No chance of that with the current administration ... minimum pricing, late night levies, duty escalator, business rates revaluation freeze ... and a Chancellor that does not appear to understand the basic economic principles of 'inelastic demand' and the law of diminishing returns as demonstrated in The Laffer Curve.
Apart from fascinating research by those interested in the societal impact of alcohol consumption, such as the University of Sheffield, little seems to have influenced the political debate, however, a new report by the Institute of Economic Affairs, Drinking in the Shadow Economy, may change that.
Perhaps a helpful civil servant will slip it into Georgie Porgie's red box ... and maybe he will then take notice of what many of us in the hospitality and brewing industries have been saying for sometime. That the third highest rate of duty (let alone other direct, indirect, and pseudo-taxation) is counter-productive:
"How do we explain the apparent lack of association between affordability and consumption? Demand for alcohol is relatively inelastic and drinkers have a series of options in front of them when real prices increase. They can do as the government hopes and drink less, but they can also do any of the following: (1) make savings elsewhere in the household budget, (2) switch from the on-trade to the off-trade, (3) downshift to cheaper drinks, (4) shop abroad, (5) brew or distil their own alcohol, (6) buy counterfeit or smuggled alcohol, and finally (7) buy surrogate alcohol (e.g. methanol, antifreeze, aftershave). The extent to which consumption patterns change depends on personal income and the price of drink. There is little doubt that financial considerations have helped shift drinking from the pub to the home in countries such as Britain,"
(above from the IAE's report)
... in short we Brits like a tipple and 'nudge economics' or crippling taxation won't curb that desire.
How much will the cost be of this country's punitive alcohol taxation regime?
"Contrary to temperance rhetoric, high alcohol taxes are not necessarily good for public health
because, although excessive alcohol consumption undoubtedly carries risks to health, so too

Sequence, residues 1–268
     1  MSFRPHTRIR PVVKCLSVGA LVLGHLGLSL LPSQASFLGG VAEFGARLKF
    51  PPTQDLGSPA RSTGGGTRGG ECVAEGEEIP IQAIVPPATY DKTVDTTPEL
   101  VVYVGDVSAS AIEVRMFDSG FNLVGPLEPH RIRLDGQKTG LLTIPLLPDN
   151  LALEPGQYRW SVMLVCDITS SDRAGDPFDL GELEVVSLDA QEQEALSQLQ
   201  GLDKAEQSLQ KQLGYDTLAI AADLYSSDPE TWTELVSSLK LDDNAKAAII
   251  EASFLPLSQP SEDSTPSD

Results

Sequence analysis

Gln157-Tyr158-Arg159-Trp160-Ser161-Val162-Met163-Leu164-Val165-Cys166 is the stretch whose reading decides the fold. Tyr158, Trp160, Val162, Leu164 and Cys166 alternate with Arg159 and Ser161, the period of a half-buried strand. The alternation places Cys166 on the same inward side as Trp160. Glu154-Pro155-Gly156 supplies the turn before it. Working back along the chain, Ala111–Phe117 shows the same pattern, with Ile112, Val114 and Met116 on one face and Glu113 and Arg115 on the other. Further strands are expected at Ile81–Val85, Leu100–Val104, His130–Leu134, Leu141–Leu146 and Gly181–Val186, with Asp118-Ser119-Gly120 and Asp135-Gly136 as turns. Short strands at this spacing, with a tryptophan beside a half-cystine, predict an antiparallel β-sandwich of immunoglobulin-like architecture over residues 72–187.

does moonshine. Counterfeit spirits and surrogate alcohol frequently contain dangerous levels of
methanol, isopropanol and other chemicals which cause toxic hepatitis, blindness and death. These are the unintended consequences one associates with prohibition, albeit at a less intense level than was seen in America in the 1920s.
It scarcely matters to the politician whether unrecorded alcohol comes from legal or illegal sources.In either case, the treasury loses out on revenue. In Britain, HMRC estimates that the alcohol tax gapcould be as much as £1.2 billion per annum, plus the costs of enforcement, and that this is largely because ‘duty rates on alcohol are far higher in the UK than in mainland Europe’ (National Audit Office, 2012: 2, 10). This is the price the state must pay for excessive taxation, but the politician is also aware that these high alcohol taxes raise £9 billion a year (Collis, 2010: 3). Being in possession of these facts he may conclude that reducing the illicit alcohol supply through tax cuts will probably reduce net alcohol tax revenues.
We argue that such a focus on maximising tax revenues is short-sighted and carries significant risks. Failing to deal with alcohol’s shadow economy threatens not only the public finances, but also public health and public order. Unrecorded alcohol has, as( Nordlund and Österberg note, ‘the potential to lead to political, social and economic problems’ (Nordlund, 2000: S562). In addition to the health hazards presented by unregulated spirits, alcohol fraud in the UK is, according to the HMRC, ‘perpetrated by organised criminal gangs smuggling alcohol into the UK in large commercial quantities’ (HMRC, 2012: 8). Alcohol smuggling and counterfeiting is linked to other illegal activities, including drug smuggling, prostitution, violence, money-laundering and - in a few instances -terrorism."
(ibid - my highlights)
How about that then? Is this litany of criminality a "price worth paying"? The IEA certainly don't think so ...
"It is too early to say whether the recent well-publicised cases of large-scale illegal alcohol production in the UK represent a lasting shift towards a Moonshine Britain, but it may not be a coincidence that they have come to light at a time when regulated alcohol has become less affordable as a result of successive tax rises and a major recession. Policy-makers should take the threat of illicit production seriously when considering alcohol pricing in the future."
(ibid - my highlights)
But then again when has reason & research ever been so outweighed by rhetoric and dogma than with the current government? Perhaps a little less demonisation of the ordinary drinker might lead to more positive results than a temporarily bulging Treasury ... it would appear (from this, albeit somewhat subjective discussion document) that more taxation will lead to more unintended consequences both in terms of public health and public order. I know which I would prefer ...